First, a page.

Someone posted this on reddit a few days ago, and I haven't found much about it except for links back to the same page. Here's the article
And for a brief summary, essentially, it's possible to introduce a backdoor during RSA key generation. For example, to generate a backdoored RSA-1024 key. (Assuming getPrime(x) will return a random X-bit prime number)
$$A = genPrime(384)$$
$$P^\prime = genPrime(128)$$
$$Q^\prime = genPrime(128)$$
$$P = A*k_1 + P^\prime$$
Where $k_1$ is incremented until $P$ is prime, starting with $k_1 = P^\prime$.
$$Q = A*k_2 + Q^\prime$$
$k_2$ is is calculated similarly for $Q^\prime$.
$P$ and $Q$ are then used as the prime numbers for the rest of the key generation algorithm, and $A$ is kept as the backdoor key. $A$ can be generated based off of a predictable per-user value, like a MAC address or user ID.
To use the backdoor, the attacker (or in this case, developer) recalculates $A$ in the same way it was originally calculated (or just looks it up in a database) and then calculates $N^\prime = N \mod A$ and then factors $N^\prime$ into $P^\prime * Q^\prime$. This will take the complexity of factoring a 256-bit number, which is well within reach of most organisations concerned with implementing backdoors. $P^\prime$ and $Q^\prime$ can then be used to calculate $P$ and $Q$ in the same way as above, and thus generate the entire private key.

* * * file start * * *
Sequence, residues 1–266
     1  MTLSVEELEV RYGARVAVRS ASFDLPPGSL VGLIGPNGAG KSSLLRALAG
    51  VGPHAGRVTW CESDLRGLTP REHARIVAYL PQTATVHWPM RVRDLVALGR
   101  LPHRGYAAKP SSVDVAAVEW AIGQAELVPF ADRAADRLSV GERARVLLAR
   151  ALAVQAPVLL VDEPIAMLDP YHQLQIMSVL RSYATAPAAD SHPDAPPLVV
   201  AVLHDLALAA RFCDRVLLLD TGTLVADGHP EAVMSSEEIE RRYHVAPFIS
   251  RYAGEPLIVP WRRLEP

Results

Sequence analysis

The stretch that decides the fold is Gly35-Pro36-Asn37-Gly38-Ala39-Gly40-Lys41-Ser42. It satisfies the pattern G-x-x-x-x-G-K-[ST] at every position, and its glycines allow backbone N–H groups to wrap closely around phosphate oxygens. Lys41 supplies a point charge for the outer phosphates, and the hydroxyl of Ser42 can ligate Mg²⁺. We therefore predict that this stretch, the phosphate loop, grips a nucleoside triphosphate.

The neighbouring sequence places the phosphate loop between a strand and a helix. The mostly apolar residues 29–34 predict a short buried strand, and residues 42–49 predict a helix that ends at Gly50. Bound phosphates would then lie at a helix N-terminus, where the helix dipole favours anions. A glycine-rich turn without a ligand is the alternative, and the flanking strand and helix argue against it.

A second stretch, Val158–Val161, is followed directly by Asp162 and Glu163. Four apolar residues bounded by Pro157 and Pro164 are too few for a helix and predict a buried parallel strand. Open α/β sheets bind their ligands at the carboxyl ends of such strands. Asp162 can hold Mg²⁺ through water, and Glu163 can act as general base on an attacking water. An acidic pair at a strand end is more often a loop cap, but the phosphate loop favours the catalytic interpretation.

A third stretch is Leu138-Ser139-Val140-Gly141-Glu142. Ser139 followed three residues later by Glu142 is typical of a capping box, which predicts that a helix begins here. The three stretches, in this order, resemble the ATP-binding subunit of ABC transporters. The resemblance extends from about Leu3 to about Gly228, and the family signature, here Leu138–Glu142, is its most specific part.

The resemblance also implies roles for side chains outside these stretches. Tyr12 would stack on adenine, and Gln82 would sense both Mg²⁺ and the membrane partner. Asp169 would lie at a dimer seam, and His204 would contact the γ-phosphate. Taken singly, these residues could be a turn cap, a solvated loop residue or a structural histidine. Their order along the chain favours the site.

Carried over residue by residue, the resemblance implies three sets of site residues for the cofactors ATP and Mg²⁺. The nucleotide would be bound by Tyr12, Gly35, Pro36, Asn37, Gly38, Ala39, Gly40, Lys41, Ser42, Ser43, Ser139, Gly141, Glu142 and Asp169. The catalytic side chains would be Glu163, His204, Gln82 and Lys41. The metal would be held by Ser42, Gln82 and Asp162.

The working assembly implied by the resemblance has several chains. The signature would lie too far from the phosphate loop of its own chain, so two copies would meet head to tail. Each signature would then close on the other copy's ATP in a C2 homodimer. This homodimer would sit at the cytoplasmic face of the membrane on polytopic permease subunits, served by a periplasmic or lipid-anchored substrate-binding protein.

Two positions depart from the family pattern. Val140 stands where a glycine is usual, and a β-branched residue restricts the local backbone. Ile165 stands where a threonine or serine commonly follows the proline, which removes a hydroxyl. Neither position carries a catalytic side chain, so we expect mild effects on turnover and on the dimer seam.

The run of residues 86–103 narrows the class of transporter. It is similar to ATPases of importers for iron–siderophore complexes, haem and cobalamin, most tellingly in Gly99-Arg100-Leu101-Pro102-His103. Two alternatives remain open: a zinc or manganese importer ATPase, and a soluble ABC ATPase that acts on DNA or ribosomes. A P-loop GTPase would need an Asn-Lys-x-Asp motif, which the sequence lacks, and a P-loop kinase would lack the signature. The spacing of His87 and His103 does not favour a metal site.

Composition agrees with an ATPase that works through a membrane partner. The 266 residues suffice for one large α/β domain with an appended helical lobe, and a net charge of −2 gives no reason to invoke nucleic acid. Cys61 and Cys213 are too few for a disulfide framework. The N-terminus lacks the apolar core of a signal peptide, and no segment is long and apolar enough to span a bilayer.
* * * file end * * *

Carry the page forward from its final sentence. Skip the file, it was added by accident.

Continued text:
Is there any more information about this? Possible attacks? (besides the obvious one in the case that $A$ is leaked) It seems intuitive that this would lower the security of RSA, considering it's lowering the key space from 1024-bit to 256-bit, but I don't see how it can be broken without knowing $A$.